Josh on Reel World Theology

23 Mar

1251623 - Chappie

Josh was recently a guest on Reel World Theology, discussing Neill Blomkamp’s Chappie.


Minisode 60: Platoon

19 Mar


In this minisode, Tyler and Josh discuss Oliver Stone’s Platoon, winner of Best Picture of 1986.

Minisode 59: The Last Emperor

13 Mar


In this minisode, Tyler and Josh discuss Bernardo Bertolucci’s The Last Emperor.

Episode 125: Foxcatcher

6 Mar


In this episode, Tyler and Josh discuss Bennett Miller’s Foxcatcher and Oliver Stone’s Wall Street.

00:00:44- Intro, Podcast Awards, Premium Episode
00:04:40- Foxcatcher
00:58:33- Wall Street
01:25:28- Episode wrap-up

Premium Episode: Dogma

5 Mar


In this episode, Tyler and Josh discuss Kevin Smith’s Dogma.

This episode is available for purchase for only $2.50! Once your payment goes through, the episode will be e-mailed to you within 24 hours.

Listen to this sample:


Podcast Awards 2015!

3 Mar


More Than One Lesson has once again been nominated for a Podcast Award in the Religion category (for the sixth year in a row!). Now is your chance to support the show by voting for us! You can vote once per day at the Podcast Awards website.

You will need to check the box in the Religion/Inspiration category.

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Then go to the bottom of the page, entering your name and e-mail address for verification.

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Thanks for your continued support.

Something Old, Something New, by Reed Lackey

28 Feb


One of my biggest criticisms of the genre known as the “Christian film” is that the films too often feel reactionary. Rather than being created from a desire to tell a good story and tell it well, many films in the “Christian” genre are responding to a specific cultural condition with a specific message and an undeniable agenda.

The latest film to fall into this category is Old Fashioned, written and directed by Rik Swartzwelder, who also stars as the lead role opposite Elizabeth Roberts. The film centers around a couple whose romance is more akin to “courtship” than dating and was specifically marketed as the Evangelical response to 50 Shades of Grey. I should be upfront about the fact that I wasn’t expecting much from it.

But the marketing campaign was probably a disservice to the film because what I saw offered me a few surprises, which not only endeared it to me as a positive entry in the “Christian film” genre, but also gave me some glimmers of hope for where that genre might be headed.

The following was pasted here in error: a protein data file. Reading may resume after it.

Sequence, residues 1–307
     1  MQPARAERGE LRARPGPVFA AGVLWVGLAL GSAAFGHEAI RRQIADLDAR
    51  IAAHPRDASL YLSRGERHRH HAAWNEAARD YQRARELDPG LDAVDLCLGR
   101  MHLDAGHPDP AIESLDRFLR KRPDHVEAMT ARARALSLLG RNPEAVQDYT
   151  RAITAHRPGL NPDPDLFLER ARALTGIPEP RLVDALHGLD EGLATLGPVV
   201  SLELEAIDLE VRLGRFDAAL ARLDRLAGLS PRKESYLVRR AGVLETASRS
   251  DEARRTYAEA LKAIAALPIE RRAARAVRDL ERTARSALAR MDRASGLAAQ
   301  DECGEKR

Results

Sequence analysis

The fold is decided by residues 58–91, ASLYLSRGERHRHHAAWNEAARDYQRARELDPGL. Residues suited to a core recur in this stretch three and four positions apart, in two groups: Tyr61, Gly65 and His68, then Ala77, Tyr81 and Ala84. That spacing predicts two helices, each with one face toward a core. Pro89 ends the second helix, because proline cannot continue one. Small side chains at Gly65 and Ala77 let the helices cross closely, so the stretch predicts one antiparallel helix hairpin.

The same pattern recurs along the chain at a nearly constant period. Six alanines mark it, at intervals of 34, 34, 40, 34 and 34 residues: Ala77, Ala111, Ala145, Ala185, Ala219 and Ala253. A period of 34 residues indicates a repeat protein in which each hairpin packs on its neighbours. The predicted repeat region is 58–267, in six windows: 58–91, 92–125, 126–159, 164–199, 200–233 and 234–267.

For Mr. Nimoy, by Reed Lackey

27 Feb


For most of my life, and likely for all of the rest of it, I have been torn between whether I will be governed by my reason or by my emotions. I’m a critical thinker and a logical problem solver with a deductive-reasoning mindset. I’m also a highly sensitive and often emotionally vulnerable man.


Minisode 58: Birdman

27 Feb


In this minisode, Tyler and Josh discuss the winner of Best Picture for 2014, Birdman.

An Open Letter to Christian Filmmakers, by Joe Zaragoza

20 Feb


I just got out of seeing the movie Old Fashioned. Here are some things I noticed: It was a Monday morning and the theater was packed. The movie was getting laughs from the audience throughout. When the movie ended, people applauded it. Also, as I was leaving, an older woman sitting in my aisle with her husband asked me, “Wasn’t that a wonderful movie?” while I heard another person say, “There needs to be more movies like this.” Now, if this is your audience, if this is who you are making movies for, then good job! You guys are succeeding. Not just Old Fashioned, but all Christian films. I remember leaving God’s Not Dead and seeing people genuinely excited about it, pulling out their cell phones, I’m guessing to text people, “God’s Not Dead” as the movie instructs, and then myself receiving the text “God’s Not Dead!” for several weeks after that from random Christian friends. You have an audience. Christians are going to your movies and they are going to continue to go to your movies.